All countries say that it's an inconvenient moment, that we don't want to divide the country. We want to come together. That's always what leaders say to avoid these investigations. The United States put - was put in the same category by Barack Obama as countries like Serbia in fighting investigations of torture. That was a political decision. It wasn't something that he had learned. It was because it would be politically costly for him to order investigation that he knew was likely to result in a prosecution of high-ranking Bush official.
DONVAN: But if you say that as a nation we tend to correct swings of the pendulum away from civil liberties, why would he not enjoy the pendulum swing ride back in the direction in which he was riding it during the election? Why stop once he was elected to office?
TURLEY: Well, unfortunately, for civil libertarians, we're very familiar with this phenomenon. We tend to be the bridesmaid and never the bride at Democratic weddings. You know, they come and they offer us their fealty and we vote for them and then they abandon us once they get into power. And the reason is that Barack Obama clearly made the decision attack to the right to say that he was tough on terror, and that was rather overtly done. And many of these things, in terms of - he just knows things he doesn't, you know, he didn't know before - really doesn't fit with many of the policies that he had advanced, things like the assassination of U.S. citizens.
Barack Obama is now claiming the right to kill any U.S. citizen by writing his name on a list if he satisfy that he's a threat. They spent two years looking for Awlaki, who - few people in the passing of. But the point is that you don't have an outcry among Democratic citizens of the implications of what happens when a president can designate U.S. citizen - George Bush killed a U.S. citizen who is a collateral in an assassination of a drone. Barack Obama did him one better and actually intentionally killed a U.S. citizen and killed a second U.S. citizen in the process. But Democrats are completely silent because it's Barack Obama. And to me, that smacks a lot like occulted personality.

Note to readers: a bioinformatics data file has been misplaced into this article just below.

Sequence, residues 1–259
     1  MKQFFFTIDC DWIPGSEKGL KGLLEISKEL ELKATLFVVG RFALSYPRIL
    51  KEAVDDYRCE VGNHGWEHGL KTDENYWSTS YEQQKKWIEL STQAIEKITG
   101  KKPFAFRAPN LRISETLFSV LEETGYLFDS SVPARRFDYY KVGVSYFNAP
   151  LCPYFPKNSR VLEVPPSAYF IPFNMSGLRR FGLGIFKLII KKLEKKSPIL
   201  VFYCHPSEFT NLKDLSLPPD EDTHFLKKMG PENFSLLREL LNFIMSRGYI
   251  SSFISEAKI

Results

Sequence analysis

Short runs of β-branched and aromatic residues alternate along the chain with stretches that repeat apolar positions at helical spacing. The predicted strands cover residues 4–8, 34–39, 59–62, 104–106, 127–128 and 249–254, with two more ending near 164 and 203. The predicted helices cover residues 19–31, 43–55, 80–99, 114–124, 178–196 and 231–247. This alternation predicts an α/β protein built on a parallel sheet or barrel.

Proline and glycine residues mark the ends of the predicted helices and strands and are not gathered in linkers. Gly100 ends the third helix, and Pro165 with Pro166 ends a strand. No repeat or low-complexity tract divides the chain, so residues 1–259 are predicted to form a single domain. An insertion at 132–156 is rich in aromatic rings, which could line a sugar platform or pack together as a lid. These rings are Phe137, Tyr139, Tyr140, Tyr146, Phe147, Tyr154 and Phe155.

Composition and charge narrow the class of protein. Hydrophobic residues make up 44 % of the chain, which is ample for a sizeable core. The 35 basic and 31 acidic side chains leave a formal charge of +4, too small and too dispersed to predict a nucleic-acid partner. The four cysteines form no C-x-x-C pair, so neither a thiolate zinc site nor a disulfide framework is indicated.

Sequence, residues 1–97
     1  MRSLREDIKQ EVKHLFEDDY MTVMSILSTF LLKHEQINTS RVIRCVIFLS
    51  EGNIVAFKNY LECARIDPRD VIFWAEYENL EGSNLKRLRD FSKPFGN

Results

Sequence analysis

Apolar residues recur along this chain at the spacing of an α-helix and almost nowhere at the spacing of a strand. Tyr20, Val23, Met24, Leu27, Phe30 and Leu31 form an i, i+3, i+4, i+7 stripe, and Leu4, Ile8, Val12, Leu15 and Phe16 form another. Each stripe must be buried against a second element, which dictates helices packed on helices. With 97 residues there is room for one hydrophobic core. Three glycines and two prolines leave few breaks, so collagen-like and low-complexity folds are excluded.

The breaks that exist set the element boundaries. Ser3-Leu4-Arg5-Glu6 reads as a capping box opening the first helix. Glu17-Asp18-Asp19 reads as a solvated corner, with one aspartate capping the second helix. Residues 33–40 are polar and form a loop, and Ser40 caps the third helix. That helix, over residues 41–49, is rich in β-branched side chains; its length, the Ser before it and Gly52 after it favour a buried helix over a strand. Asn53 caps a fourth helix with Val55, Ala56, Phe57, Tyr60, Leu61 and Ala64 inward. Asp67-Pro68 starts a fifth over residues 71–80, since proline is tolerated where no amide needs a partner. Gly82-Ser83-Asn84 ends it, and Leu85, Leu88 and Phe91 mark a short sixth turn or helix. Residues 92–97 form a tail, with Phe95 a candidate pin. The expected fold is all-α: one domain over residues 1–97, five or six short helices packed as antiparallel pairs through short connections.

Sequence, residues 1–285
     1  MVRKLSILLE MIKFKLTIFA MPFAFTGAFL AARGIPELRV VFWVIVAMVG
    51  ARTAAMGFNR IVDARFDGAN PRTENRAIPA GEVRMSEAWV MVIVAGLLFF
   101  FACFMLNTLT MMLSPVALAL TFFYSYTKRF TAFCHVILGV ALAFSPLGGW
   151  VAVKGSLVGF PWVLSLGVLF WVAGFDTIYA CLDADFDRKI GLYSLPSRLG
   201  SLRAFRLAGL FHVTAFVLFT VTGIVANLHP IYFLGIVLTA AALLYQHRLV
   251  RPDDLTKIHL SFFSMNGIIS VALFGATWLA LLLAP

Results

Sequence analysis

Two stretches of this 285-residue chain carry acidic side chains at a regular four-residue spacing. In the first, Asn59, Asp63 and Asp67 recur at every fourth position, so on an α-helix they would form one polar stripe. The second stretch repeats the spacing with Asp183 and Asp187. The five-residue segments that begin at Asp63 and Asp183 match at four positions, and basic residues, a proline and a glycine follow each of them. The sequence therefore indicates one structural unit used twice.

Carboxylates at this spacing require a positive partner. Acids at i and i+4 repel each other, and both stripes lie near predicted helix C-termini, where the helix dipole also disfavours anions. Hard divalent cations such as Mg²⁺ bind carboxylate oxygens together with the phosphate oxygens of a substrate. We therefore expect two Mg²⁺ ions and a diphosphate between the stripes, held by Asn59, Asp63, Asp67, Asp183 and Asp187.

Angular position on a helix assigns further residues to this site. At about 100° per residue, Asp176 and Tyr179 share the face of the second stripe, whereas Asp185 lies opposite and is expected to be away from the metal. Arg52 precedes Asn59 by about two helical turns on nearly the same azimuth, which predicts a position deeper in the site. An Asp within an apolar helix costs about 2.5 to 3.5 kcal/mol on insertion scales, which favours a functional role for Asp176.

DONVAN: I want to go Desnay(ph) in Aiken, South Carolina. Desnay, can you hear us all right?
DESNAY: Yeah, I'm here.
DONVAN: Yeah, join us.
DESNAY: I am here. Not only did I vote for him, I held parties for him and I am extremely disturbed by the fact that he signed that executive order. And I have read Jonathan Turley's writing on the issue. I agree with him 100 percent. I can't wrap my head around supporting him.
DONVAN: So for you, this actually is a make-or-break issue?
DESNAY: Yeah. All of what he's done - extending all of Bush's - The Patriot Act. Everything that he's done - I find it extremely disturbing that a constitutional lawyer doesn't know the Constitution. I don't care what color he is. I'm black too.
DONVAN: Jonathan Turley, given that kind of attitude but at the same time pushing back with your argument that people aren't talking about this very much, do you think, going forward, that this is actually going to hurt the president's political prospects?
TURLEY: Well, I think it will. I think that the president flew past the fail safe point, on torture particularly. His administration didn't just promise not to prosecute people for torture, but it actually tore up founding principles from Nuremburg. You know, they argue, for example, that CIA employees can never be prosecuted for torture because they were following orders, that they were just doing what they were told to do. That's the exact argument the United States fought against in Nuremberg and said you cannot say that people are just following orders if they commit a war crime.